The College of the Holy Cross: Lower Chapel Renovation Brings New Life to Campus Liturgy - Part I: Process and Outcome
October 29, 2007
Read Part II of this 2-part article.
Mention the term “lower chapel” and most Catholics imagine a somewhat dark and musty church basement set up to accommodate overflow crowds of worshipers at a time when Sunday Eucharist could only be celebrated on Sunday morning and parishes regularly had two or more priests. Aesthetically, such lower chapels were usually a far cry from the grander worship spaces upstairs.
St. Joseph Memorial Chapel on the campus of The College of the Holy Cross shortly after its opening in 1924.
Such was the case at the College of the Holy Cross in Worcester, Massachusetts, the oldest Catholic and Jesuit institution of higher education in New England. When the impressive St. Joseph Memorial Chapel opened on the then relatively modest Holy Cross campus in 1924, its lower level was an auditorium with stage, rows of wooden seats and clear windows. After serving as drill space for the Naval ROTC program that came to the College during World War II, the lower level was transformed into “The Mary Chapel” in the 1950s, as additional worship space was needed for the growing population of students who were required to attend Mass three times a week. In layout, it mirrored the upper chapel with its forty-two rows of pews on either side of a central aisle facing a massive altar, but in beauty, there was little comparison.
The lower level of St. Joseph Memorial Chapel in its first incarnation as an auditorium with stage, wooden seats and clear windows.
The sanctuary created in the former stage area in the 1950s when the lower level of St. Joseph Memorial Chapel was transformed into a chapel.
After years of informal conversation and in conjunction with a capital campaign that sought, among other things, to nurture the College community’s religious development and spirituality, the College Chaplains initiated a process in the late 1990s to develop a worship space on campus that enhanced the celebration of the postconciliar liturgy, while maintaining the beauty of the much loved upper chapel. Working with liturgical design consultant John Buscemi, a core committee of students, chaplains, faculty and a member of the Board of Trustees surfaced the needs, treasures and values related to the chapels and liturgy on campus, and held a series of listening sessions to which all students, faculty and staff of the College were invited. From this, a series of concept statements and initial recommendations were presented to the College’s Board of Trustees.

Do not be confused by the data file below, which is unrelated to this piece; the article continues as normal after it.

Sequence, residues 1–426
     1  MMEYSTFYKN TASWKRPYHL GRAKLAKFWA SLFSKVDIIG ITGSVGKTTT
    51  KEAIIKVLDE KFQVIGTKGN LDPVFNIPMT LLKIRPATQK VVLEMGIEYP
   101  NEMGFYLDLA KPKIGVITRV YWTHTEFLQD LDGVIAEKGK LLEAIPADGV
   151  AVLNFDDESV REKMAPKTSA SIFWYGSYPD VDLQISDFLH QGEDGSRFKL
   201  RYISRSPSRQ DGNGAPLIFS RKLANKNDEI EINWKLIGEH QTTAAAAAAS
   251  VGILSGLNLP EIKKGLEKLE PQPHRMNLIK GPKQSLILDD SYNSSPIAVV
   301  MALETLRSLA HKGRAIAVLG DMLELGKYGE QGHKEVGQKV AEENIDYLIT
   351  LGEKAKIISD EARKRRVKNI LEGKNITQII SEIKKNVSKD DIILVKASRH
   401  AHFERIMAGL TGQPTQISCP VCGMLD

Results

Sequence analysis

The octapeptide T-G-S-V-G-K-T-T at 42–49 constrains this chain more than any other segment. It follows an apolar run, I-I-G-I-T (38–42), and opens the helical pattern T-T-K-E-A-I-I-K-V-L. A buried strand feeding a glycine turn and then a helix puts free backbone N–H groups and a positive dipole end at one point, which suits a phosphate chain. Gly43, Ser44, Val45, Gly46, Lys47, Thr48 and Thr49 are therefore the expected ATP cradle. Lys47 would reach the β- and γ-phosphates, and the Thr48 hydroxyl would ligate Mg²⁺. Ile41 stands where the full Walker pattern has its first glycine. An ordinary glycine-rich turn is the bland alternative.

The Trustees decided that the underutilized lower chapel held the greatest potential for a substantial renovation, and, through the capital campaign, a generous single donor was quickly found to underwrite the estimated $2 million cost. After another year and a half of working out all the details with the architect (CBT Architects, Boston, Massachusetts), liturgical design consultant, construction managers and College Physical Plant department, the renovation took place over the summer of 2003, while the students were on summer break and few liturgies were scheduled in the chapels. On the Feast of the Exaltation of the Holy Cross (September 14, the College’s patronal feast), the Bishop of Worcester led the joyful liturgy of rededication.
Bishop Daniel Reilly of the Diocese of Worcester anoints the new altar in the Mary Chapel with Sacred Chrism during the liturgy of rededication on September 14, 2003.
After four years of using the renovated spaces on the lower level of St. Joseph Memorial Chapel, we can say without hesitation that they have brought new life to liturgy at Holy Cross. We now have spaces that support the postconciliar liturgical rites, especially the full and active participation of the entire assembly, and that are more consistent with the aesthetic quality of the College’s grand upper chapel. Students and staff alike comment on what some would call the qualities of transcendence and immanence in these spaces, and students are making connections between what they experience in the layout, furnishings and art in these spaces and the rest of their faith life. In Jesuit education, we always strive for the magis, the more, the better. By taking the time to plan well, to collaborate, to hear various voices and to retain excellent people as liturgical design consultant, architect, construction manager and liturgical artists, our experience indicates that we have achieved that goal. Deo gratias.
Rev. William Clark, S.J. preaches at the Sunday 7 PM Mass in the renovated Mary Chapel during the Easter season.
In the second part of this article, I describe the various spaces, furnishings and art in the renovated lower chapel.
Photo credit: Images provided by Paul Covino
Paul Covino is Associate Chaplain and Director of Liturgy at The College of the Holy Cross, Worcester, Massachusetts and an adjunct staff member of The Georgetown Center for Liturgy where he was Associate Director from 1981-89. He writes the weekly ritual suggestions column in Today's Liturgy magazine and served for many years as the emcee at the Form/Reform conference on environment and art.
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